The first peak current limiter circuit 724 is configured to limit the peak electrical current flowing out of the current source 708. Electrical current flows from a power source 710 (through the switch 744) to the first peak current limiter circuit 724 (through the average current monitor 725) and to the laser anode 705. A first eye-safe limit register (drive limit register #1) 720 is a memory register which is programmed to hold a digital value. The digital value therein corresponds to a first peak current limit (i.e. a first maximum current limit) which is imposed by the first current limiter circuit 724. The digital value from the drive limit register #1 720 is transformed into an analog control voltage by a first digital-to-analog (D/A) converter circuit 722. This analog control voltage is used to control the first peak current limiter circuit 724 so as to impose the first peak current limit. The current output from the peak current limiter circuit 724 to the anode 705 of the diode laser 704 does not exceed this first peak current limit.

The second peak current limiter circuit 734 is configured to limit the peak electrical current returning to the current source 708. Electrical current flows from the laser cathode 706 through the second peak current limiter circuit 734 (and through the switch 752) to an electrical ground (GND) 760. A second peak current limit register (drive limit register #2) 730 is a memory register which is programmed to hold a digital value. The digital value therein corresponds to a second peak current limit (i.e. a second maximum current limit) which is imposed by the second current limiter circuit 734. The digital value from the drive limit register #2 730 is transformed into an analog control voltage by a second digital-to-analog (D/A) converter circuit 732. This analog control voltage is used to control the second peak current limiter circuit 734 so as to impose the second (redundant) peak current limit. The current input via the current return 736 from the laser cathode 706 to the second peak current limiter 734 does not exceed this second peak current limit. The second peak current limit may be set so as to be equal to the first peak current limit. Alternatively, the second peak current limit may be set to a different current value as the first peak current limit.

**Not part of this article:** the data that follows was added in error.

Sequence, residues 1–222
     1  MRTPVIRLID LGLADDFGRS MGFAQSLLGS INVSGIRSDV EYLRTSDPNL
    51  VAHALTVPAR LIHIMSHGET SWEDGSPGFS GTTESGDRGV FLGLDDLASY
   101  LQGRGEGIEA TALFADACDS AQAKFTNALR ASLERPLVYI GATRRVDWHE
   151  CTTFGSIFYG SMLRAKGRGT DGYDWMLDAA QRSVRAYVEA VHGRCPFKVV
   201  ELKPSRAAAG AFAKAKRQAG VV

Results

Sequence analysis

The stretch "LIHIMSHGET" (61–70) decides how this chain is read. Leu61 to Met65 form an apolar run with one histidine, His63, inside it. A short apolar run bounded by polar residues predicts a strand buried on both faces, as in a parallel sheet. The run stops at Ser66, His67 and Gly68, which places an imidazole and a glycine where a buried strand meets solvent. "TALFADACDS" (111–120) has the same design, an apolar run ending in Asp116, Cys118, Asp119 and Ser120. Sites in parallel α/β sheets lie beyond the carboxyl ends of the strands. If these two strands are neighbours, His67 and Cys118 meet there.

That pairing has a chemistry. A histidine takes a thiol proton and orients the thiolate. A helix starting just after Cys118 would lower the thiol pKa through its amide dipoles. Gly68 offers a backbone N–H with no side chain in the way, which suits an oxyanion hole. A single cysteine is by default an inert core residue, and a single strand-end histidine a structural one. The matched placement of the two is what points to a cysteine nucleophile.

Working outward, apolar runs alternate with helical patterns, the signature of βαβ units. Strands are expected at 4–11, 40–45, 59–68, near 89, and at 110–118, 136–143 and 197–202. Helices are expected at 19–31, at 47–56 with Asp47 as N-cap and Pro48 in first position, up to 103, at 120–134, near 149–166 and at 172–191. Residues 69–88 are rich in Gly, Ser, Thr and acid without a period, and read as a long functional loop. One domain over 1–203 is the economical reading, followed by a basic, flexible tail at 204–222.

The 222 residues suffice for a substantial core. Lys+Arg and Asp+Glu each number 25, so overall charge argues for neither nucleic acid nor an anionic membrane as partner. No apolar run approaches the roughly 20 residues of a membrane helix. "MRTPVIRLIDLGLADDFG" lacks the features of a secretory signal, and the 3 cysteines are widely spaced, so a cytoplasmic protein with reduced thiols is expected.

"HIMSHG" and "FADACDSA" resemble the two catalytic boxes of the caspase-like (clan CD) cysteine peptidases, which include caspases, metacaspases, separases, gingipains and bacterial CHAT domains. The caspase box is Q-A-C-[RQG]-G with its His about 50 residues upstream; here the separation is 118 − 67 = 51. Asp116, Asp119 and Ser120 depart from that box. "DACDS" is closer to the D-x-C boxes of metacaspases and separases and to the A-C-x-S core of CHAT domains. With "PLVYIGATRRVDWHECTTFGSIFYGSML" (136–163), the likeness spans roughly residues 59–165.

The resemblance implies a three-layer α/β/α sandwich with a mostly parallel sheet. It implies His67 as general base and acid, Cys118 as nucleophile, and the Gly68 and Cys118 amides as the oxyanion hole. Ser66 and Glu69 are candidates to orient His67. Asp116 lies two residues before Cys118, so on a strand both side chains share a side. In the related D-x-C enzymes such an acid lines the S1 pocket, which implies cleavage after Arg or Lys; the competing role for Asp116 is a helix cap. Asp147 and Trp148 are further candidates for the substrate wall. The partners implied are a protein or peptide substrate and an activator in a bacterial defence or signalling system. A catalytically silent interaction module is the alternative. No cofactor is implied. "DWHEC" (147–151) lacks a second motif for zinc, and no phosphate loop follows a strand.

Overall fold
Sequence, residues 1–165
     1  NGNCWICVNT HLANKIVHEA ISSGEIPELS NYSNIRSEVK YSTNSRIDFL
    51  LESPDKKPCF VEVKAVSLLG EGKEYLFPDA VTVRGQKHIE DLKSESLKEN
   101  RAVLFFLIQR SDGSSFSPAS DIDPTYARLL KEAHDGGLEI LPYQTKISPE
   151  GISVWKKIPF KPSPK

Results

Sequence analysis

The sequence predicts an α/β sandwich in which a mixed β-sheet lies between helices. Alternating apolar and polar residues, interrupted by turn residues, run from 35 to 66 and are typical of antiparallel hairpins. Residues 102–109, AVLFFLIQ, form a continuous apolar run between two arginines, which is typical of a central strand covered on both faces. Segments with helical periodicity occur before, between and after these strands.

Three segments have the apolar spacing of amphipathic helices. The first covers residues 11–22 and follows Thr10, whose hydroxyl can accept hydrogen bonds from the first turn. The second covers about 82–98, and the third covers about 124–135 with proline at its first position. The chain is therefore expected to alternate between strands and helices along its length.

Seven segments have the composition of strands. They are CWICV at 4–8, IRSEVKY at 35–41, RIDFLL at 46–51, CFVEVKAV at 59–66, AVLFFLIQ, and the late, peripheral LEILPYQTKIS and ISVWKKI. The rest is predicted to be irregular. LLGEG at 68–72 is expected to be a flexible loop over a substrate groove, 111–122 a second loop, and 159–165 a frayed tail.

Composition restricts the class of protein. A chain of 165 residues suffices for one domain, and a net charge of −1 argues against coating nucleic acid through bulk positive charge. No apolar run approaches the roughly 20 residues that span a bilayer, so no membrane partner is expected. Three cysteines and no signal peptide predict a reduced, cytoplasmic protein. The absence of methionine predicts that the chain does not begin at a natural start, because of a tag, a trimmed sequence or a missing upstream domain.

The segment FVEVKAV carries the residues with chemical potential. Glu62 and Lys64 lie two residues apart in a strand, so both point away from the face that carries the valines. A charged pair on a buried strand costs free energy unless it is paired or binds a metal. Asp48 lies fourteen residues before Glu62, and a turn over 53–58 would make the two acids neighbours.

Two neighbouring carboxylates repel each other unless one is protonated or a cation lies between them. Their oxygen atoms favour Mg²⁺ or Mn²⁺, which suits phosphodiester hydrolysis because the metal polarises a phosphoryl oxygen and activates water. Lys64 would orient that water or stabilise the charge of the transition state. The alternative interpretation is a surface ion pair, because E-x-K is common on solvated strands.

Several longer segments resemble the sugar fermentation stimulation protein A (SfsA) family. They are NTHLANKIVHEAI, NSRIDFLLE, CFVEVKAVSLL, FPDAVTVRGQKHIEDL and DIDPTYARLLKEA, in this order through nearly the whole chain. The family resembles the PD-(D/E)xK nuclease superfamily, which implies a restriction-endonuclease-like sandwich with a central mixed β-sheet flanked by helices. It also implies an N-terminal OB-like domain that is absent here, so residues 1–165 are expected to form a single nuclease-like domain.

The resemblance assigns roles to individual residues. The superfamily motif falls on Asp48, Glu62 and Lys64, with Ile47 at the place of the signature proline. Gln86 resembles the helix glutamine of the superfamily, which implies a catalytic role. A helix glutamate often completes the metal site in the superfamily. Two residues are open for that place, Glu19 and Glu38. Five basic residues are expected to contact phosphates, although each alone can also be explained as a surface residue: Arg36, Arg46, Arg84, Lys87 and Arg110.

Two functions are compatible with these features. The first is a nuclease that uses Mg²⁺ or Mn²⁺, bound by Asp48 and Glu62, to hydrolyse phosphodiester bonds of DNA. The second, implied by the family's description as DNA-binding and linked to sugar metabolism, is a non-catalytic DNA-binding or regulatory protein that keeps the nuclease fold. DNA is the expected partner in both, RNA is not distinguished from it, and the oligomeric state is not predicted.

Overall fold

The use of the two independent peak current limits for the current source and return, as described above, enables the apparatus to advantageously maintain an eye-safe peak current even during a single physical fault. Such physical faults include, for example, shorting of the diode laser's anode or cathode to supply voltage or ground. The two independent memory locations (720 and 730) and the two independent D/A converters (722 and 732) enable the apparatus to advantageously maintain an eye-safe current limit in the event of a memory corruption fault or a D/A converter fault.